Enter a rainy day, the sewing machine, and my embarrassingly large collection collection of fabric scraps and trim. I had a hunter green AP pad and a chocolate brown dressage pad that wanted a little something more. So I started digging around to see what would work.
Love the gold brocade with the hunter green. The two types trim add a little extra flair, and will cover up the edges nicely.
This fabric scrap is leftover from the kitchen curtains in our old house. Time to use it up!
To get started, cut out the triangle of fabric, then overcast the edges to keep them from fraying. I use the zigzag setting on my sewing machine - if you have a serger, that would work too.
Next, fold the long edge of the triangle over an stitch it to itself. Use matching thread to sew your trim over that, being sure to cover up your stitches. (Note that I've also sewn across the end of the trim to keep it from fraying.)
Lay out your triangle on your saddle pad. I lined up the left and bottom edge of the triangle with the left and bottom edge of the pad. This gave me plenty of fabric to turn under.
Here's the hardest part - you need to go around and turn the edges of the fabric under, pinning as you go. You'll top stitch this later.
Here's the final thing, all pinned down and ready to be sewn. Use as many pins as you need to hold the fabric in place and prevent it from wrinkling.
Here's what it looks like after it's been sewn down.
Finally (not shown), stitch the thinner trim down all the way around. Tuck the edges under the point of the triangle on one side, to keep them from fraying.
The finished product. Way fancier than what we started with!
I ended up using some plain gold fabric I had instead of the trim I had originally picked out, but I think this worked better.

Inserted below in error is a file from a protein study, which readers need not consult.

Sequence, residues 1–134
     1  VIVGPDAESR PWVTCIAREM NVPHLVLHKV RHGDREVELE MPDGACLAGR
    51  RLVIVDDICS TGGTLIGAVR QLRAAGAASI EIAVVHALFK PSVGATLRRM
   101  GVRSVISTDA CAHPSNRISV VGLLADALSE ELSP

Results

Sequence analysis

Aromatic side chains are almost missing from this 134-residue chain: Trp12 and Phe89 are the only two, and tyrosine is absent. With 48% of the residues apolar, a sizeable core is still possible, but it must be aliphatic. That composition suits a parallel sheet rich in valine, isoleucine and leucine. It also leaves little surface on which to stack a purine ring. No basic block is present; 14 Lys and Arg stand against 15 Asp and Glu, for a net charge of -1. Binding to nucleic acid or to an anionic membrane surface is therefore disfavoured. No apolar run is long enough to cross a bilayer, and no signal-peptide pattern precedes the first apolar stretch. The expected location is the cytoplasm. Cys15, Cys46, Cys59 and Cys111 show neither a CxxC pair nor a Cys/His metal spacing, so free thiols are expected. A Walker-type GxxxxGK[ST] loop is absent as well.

If I were going to do this again, I would use an iron-on fusible interfacing to stiffen the fabric and make it easier to work with. The gold triangle got a little wiggly on the long side as I was sewing it down, and it's not the crisp, straight line I was hoping for. I would also be a little more careful in matching my thread colors - I didn't do too bad a job with what I had on hand, but having your thread be invisible means that any screw-ups aren't quite as noticeable (ahem).
The green pad took me significantly longer than the brown one, in part because I was still figuring out how to assemble everything. Sewing is half geometry, I swear! Anyway, I spent about 5 hours on both pads, but that included trying to find all my trim and fabric. It did NOT include cleaning out our hall closet, lol!
I realize that this is not the best step-by-step tutorial ever. I just sort of got to sewing and forgot to take pictures! If anyone is interested in better instructions, I can do that in another post with another project. Just let me know!
I've got another pad - made from scratch - in the works too. Pictures to come!